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Middle East
Death penalty sought for Egypt's Mubarak
Prosecution says ex-president and aides are "politically and legally" responsible for killing of protesters.
Last Modified: 05 Jan 2012 20:21
Mass protests against Hosni Mubarak's rule toppled his presidency last February [Getty]

Egyptian prosecutors in the case against Hosni Mubarak have demanded the death sentence for the former Egyptian president and other defendants, including the former interior minister.

"The prosecution demands the maximum penalty against Mubarak and the rest of the accused which is death by hanging," Mustafa Khater, a member of the prosecution team, said on Thursday during a court session in Cairo.

Mubarak is facing charges of ordering the killing of more than 800 protesters during the demonstrations which swept him from power last February.

At the hearing, Mustafa Suleiman, the chief prosecutor, told the court he held the former leader "politically and legally" responsible for the killing of protesters during the 18-day uprising last year.

"He [Mubarak] can never, as the top official, claim that he did not know what was going on,'' Suleiman told the court. "He is responsible for what happened and must bear the legal and political responsibility for what happened.''

"The law foresees the death penalty for premeditated murder," Suleiman added, requesting death by hanging for Mubarak and his fellow defendants.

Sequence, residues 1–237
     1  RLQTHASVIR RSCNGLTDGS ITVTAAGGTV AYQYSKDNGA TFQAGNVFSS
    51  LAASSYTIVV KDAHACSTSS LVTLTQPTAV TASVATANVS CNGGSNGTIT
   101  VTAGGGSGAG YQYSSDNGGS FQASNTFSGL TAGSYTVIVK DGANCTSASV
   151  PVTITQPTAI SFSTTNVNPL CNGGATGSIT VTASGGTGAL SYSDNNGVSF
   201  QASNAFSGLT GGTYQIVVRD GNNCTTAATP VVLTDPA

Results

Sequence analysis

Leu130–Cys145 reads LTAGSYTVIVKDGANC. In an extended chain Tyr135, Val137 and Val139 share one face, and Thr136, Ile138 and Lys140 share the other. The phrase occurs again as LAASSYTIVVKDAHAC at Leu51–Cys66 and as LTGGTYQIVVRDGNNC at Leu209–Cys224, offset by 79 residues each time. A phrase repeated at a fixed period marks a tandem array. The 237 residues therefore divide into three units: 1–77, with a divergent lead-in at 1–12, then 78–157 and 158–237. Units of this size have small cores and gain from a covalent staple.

Mubarak 'aware'

Suleiman told the court that Mubarak did nothing to stop the killings and that he was aware of them from meetings with aides, regional TV channels and reports by his security agencies.

He said Mubarak's security chief and co-defendant, Habib el-Adly, authorised the use of live ammunition on orders from the president. The two could face the death penalty if convicted of complicity in the killing of protesters.

Facing the same charge are six police commanders on trial alongside the two. Mubarak's sons, Alaa and Gamal, are charged with corruption in the same case.

Suleiman said Mubarak told investigators that he decided to step down after the military refused to intervene to  "immediately and urgently'' help the security forces contain the protests.

Mubarak called out the army on January 28, three days into the uprising and on the day when security forces disappeared from the streets in circumstances that have yet to be fully explained.

"He [Mubarak] fully knew what was happening but he did nothing,'' said Suleiman.

'Actual instigators'

On Wednesday, the prosecution claimed Mubarak, his security chief and six top police officers were the "actual instigators" of the killing of protesters during last year's uprising.

Suleiman said the defendants clearly authorised the use of live ammunition and a shoot-to-kill policy against peaceful protesters.

He argued the decision to use live ammunition was taken on January 27 last year, just before the most violent day of the 18-day uprising that forced Mubarak to step down on February 11.

The objective, he said, was to kill enough protesters to force the rest to disperse.

He also complained that the prosecution had to launch its own investigation after security authorities ignored the prosecution's requests for help in the inquiry.

Prosecutors interviewed hundreds of witnesses, physicians and police officers to build its case.

The hearings adjourned on Thursday after the third and final day of the prosecution's opening statement. It will resume on Monday.

Source:
Agencies
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